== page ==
Committee to study and discuss the future of Airbnbs and short-term rentals in Baton Rouge

After the COVID-19 pandemic put its efforts on hold, a committee created to study issues around short-term rentals in the city-parish is planning to reconvene later this month.

The makeup of the study group, broadly created through a Metro Council resolution in 2019, has changed, however. Several members of the original group were not asked to be a part of the committee in its new iteration, including the leaders of two historic neighborhood associations, Preserve Louisiana Executive Director Fairleigh Jackson and Visit Baton Rouge President and CEO Paul Arrigo.

Planning Director Ryan Holcomb, who is helping spearhead the committee, says one of his priorities for 2021 is to resume the effort to draft a short-term rental ordinance for the city-parish, and that he and the leadership of the Federation of Greater Baton Rouge Civic Associations felt a smaller working group would be more effective in getting things done.

The original committee, which was created by Nancy Curry, past president of the FGBRCA, had 12 members. The new one will have just seven: Ed Legucki, current president of the FGBRCA; a representative from the Greater Baton Rouge Association of Realtors; a short-term rental host; an attorney for Airbnb; and representatives from the Louisiana Bed and Breakfast Association, the Baton Rouge Lodging Association, and the downtown area.

Holcomb says he and Legucki downsized the committee “in an effort to make a smaller, more manageable working group that had balanced representation for the entire parish.”

But Jackson, who was involved in helping New Orleans draft its short-term rental ordinance in 2018, says the new committee is not balanced in its representation and that the preservation community needs to have a seat at the table.

“I have put a good deal of effort into these discussions with the previous council member who proposed the group and with the group based on extensive work in the short-term rental arena with colleagues in New Orleans and across the country around the impacts of short-term rentals from a historic preservation perspective,” Jackson says. “The impact of short-term rentals that are not regulated thoughtfully, as noted within our historic preservation perspective, include actual physical impact to structures and infrastructure in historic communities, disintegration of historic integrity in historic districts, displacement of residents of traditional and long-rooted communities, and many other things.”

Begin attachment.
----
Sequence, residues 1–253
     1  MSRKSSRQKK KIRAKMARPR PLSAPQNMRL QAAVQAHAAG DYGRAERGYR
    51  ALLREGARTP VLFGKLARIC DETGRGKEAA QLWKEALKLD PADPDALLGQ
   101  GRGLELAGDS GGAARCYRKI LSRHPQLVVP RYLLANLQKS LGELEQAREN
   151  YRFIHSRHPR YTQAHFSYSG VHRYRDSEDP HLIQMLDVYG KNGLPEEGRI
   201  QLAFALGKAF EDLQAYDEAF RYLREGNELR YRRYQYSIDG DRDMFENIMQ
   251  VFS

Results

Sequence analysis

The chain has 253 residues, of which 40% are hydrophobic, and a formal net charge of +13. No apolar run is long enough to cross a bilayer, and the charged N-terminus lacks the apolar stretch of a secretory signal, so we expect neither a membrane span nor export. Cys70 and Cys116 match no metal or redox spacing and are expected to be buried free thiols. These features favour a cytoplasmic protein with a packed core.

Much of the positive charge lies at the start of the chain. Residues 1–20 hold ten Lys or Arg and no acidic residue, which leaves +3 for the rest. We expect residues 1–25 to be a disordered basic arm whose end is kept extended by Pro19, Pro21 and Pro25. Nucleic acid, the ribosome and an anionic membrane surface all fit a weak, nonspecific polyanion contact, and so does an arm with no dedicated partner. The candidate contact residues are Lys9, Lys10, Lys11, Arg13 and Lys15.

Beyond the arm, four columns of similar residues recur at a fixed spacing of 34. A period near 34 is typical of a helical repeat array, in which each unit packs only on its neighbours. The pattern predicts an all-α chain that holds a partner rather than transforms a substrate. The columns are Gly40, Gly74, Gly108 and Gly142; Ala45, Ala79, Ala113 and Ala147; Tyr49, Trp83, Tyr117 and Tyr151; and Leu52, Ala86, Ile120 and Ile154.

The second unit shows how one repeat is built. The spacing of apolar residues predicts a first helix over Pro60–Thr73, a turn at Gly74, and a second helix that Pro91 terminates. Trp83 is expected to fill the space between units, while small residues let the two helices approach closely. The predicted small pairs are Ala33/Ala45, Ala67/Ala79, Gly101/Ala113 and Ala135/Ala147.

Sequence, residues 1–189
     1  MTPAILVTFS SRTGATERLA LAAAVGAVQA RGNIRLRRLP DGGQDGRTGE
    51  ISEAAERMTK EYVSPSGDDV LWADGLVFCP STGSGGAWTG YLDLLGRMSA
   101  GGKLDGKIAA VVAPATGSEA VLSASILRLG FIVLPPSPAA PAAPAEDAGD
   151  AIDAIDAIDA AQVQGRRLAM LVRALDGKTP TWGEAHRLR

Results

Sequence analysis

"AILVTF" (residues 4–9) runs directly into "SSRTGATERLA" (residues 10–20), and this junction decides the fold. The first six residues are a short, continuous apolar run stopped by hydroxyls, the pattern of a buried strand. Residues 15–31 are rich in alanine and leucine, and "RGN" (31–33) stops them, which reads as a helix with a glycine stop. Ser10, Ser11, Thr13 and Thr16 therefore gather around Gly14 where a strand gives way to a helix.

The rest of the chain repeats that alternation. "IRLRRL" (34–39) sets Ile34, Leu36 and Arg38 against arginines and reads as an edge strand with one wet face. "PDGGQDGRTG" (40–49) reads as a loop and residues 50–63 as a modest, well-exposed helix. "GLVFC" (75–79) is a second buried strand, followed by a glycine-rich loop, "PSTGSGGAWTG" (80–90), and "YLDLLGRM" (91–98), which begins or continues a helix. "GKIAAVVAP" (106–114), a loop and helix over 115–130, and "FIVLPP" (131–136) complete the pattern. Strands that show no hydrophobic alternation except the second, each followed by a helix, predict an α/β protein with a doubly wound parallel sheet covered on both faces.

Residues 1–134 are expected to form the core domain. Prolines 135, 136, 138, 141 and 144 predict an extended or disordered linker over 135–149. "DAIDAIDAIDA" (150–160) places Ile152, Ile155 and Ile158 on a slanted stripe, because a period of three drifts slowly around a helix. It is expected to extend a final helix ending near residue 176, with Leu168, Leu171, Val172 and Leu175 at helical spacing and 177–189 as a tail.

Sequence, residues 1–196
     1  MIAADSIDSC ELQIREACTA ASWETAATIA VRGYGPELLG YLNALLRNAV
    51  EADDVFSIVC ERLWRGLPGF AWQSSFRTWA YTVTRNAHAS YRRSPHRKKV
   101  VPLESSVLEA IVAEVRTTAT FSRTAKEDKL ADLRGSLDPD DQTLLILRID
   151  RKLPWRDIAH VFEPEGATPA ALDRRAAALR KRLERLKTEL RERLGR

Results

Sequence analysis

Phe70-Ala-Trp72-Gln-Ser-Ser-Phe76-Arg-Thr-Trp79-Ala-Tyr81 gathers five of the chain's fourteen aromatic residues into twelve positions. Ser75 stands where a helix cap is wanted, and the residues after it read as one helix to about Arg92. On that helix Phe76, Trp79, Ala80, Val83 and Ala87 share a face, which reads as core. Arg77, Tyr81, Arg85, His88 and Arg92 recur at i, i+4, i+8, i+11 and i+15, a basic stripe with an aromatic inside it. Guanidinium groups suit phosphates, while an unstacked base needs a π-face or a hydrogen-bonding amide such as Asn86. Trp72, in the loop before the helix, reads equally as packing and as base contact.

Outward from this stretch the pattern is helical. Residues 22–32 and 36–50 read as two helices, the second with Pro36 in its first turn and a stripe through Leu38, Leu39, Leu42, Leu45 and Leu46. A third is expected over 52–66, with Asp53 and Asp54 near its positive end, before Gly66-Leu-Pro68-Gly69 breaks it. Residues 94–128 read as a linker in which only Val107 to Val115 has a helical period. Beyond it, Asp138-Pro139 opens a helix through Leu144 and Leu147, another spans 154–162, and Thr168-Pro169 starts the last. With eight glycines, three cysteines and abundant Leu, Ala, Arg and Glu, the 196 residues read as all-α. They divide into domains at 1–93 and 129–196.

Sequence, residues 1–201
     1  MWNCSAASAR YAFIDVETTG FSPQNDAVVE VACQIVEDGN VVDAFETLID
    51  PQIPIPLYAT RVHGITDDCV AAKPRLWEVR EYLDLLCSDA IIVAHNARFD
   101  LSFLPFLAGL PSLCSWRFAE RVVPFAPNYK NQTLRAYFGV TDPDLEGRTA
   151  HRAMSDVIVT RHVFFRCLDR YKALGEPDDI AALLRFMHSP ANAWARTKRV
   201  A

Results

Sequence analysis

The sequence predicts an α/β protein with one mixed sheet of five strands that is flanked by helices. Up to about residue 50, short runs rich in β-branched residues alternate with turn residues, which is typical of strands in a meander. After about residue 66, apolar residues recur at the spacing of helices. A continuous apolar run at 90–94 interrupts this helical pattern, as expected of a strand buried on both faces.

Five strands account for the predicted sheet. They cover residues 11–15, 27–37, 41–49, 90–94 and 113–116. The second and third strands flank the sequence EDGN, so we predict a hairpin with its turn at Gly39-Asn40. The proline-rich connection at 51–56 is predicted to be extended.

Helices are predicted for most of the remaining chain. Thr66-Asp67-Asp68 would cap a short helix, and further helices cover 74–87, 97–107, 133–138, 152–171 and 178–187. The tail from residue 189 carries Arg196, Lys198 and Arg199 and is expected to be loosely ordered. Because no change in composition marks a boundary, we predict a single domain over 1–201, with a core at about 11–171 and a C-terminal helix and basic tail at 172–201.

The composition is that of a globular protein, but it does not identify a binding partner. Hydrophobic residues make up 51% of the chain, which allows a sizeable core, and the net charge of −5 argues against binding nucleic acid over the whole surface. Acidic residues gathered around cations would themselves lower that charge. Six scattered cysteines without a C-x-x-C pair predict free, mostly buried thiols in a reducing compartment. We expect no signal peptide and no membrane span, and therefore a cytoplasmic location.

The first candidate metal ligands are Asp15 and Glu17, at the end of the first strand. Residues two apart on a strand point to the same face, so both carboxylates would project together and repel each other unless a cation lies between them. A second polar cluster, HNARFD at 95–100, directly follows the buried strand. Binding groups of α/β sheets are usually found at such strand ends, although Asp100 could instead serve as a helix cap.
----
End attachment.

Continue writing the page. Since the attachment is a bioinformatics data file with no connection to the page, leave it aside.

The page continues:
Legucki says that while the group welcomes the perspective of the preservation community, he questions the relevance of the New Orleans model to Baton Rouge.

“Is New Orleans the right model to consider?” he says. “Or, should we look to a municipality that is of similar size and has a similar kind of tourist draw, which is a university, seat of government, versus a major tourist destination like New Orleans?”

Baton Rouge, following the lead of many cities, began looking at the issue of short-term rentals in 2019, following an outcry from residents of Spanish Town concerned about the increase in short-term rentals and the impact it was having on the historic neighborhood.

Former Council member Tara Wicker, who then represented the downtown area, sponsored the resolution that created the study group. It only met twice in early 2020 and didn’t accomplish much, Holcomb says.

The new group doesn’t yet have a date for its first meeting or a timeline for getting things done.

“It’s in its infancy but I am committed to a fair and transparent process,” Holcomb says.

This story originally appeared in a March 1 edition of Daily Report. To keep up with Baton Rouge business and politics, subscribe to the free Daily Report e-newsletter here.